Film Review: Hitchcock
Hitchcock is based on the book, Alfred Hitchcock and the Making of Psycho by Stephen Rebello and is set during the making of the 1959 Hitchcock classic, Psycho. It looks at the relationship between Alfred and his wife Alma throughout the production and the risks taken, both financially and creatively by the couple to release the film that they wanted.
Anthony Hopkins (Alfred Hitchcock)
Helen Mirren (Alma Reville)
Scarlett Johansson (Janet Leigh)
James D’Arcy (Tony Perkins)
Jessica Biel (Vera Miles)
Dead Good rating: 3 out of 5 stars.
Hitchcock Certificate (UK): 12A
Following the success of his film North by Northwest, Alfred Hitchcock is looking for his next project. Wishing to avoid falling into the trap of producing a formulaic crime caper he comes across the novel Psycho by Robert Bloch and becomes infatuated by the book and its protagonist, murderer Ed Gein.
Against a chorus of disapproval from friends, colleagues and the production studio, Hitchcock stands firm as he risks everything to make the film that would go on to redefine the horror genre and provide a peak in commercial success for an Alfred Hitchcock picture.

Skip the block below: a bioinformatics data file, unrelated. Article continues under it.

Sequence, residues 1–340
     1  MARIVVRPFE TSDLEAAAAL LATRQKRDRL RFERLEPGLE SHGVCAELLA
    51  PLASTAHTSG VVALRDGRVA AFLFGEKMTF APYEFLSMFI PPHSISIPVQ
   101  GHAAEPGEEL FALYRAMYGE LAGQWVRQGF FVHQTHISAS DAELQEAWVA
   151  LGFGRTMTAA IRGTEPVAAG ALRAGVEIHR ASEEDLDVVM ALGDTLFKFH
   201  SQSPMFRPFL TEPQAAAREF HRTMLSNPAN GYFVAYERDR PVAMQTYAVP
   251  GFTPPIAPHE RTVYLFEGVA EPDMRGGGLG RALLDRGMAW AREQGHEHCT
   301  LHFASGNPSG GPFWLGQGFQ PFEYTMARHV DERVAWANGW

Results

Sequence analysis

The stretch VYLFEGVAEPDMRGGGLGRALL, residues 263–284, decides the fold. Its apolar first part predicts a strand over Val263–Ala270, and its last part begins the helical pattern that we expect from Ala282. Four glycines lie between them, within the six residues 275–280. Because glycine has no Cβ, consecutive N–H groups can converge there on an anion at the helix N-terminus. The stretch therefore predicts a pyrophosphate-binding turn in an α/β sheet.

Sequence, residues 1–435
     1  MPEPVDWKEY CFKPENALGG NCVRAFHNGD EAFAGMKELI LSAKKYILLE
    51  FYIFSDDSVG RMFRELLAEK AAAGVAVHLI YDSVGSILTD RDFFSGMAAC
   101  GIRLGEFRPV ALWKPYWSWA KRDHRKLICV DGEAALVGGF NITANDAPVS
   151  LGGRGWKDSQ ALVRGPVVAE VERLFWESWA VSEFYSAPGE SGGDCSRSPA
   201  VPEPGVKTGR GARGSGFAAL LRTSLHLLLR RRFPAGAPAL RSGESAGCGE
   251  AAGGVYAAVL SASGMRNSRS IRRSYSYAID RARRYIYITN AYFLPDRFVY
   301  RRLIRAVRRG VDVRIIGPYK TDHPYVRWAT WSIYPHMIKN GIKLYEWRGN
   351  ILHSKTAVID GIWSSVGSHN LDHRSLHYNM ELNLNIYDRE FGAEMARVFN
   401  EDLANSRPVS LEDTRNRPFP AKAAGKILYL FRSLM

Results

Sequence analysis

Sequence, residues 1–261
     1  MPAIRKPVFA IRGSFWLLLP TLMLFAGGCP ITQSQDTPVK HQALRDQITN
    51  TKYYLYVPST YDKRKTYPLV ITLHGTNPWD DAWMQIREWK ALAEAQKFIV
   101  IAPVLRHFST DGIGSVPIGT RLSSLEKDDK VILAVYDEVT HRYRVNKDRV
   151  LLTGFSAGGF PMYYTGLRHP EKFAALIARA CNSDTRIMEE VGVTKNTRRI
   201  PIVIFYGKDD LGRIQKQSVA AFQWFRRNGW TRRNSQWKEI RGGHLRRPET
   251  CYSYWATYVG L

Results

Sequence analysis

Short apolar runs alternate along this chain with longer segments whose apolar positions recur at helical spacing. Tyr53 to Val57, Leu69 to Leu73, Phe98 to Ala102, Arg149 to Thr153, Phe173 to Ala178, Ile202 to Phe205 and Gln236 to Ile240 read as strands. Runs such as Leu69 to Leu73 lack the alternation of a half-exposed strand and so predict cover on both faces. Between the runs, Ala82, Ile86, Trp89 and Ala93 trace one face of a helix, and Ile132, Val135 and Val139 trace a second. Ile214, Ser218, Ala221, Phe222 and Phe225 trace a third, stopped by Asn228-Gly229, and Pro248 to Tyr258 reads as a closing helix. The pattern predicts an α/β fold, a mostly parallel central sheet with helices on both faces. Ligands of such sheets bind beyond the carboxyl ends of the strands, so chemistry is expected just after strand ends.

Anthony Hopkins puts in an interesting performance as ‘Hitch’ and offers a far more reserved interpretation than that of the one given by Toby Jones in The Girl. We are exposed to the darker side of Hitchcock’s personality, such as his lecherous nature to the female cast and his unconventional directorial methods. It’s these displays of weakness and emotional fragility that Hopkins portrays so well.
But the real star performance comes from Helen Mirren as Hitchcock’s wife and creative partner Alma Reville. Despite having always played a vital role in the creative process throughout his career, Alma never sought the limelight or the recognition that her talent deserved. It’s not until she starts to emerge from the distinctive shadow of her husband that Alfred realises how much of an emotional and creative crutch she has been and how fundamental she has been to his success.
The film is, in essence, more about the relationship between Alfred and Alma than the production of Psycho. The real drama lies in the scenes where the relationship between the two is exposed.
Watch it if you like… The Girl
Reviewed by Luke Jeycock.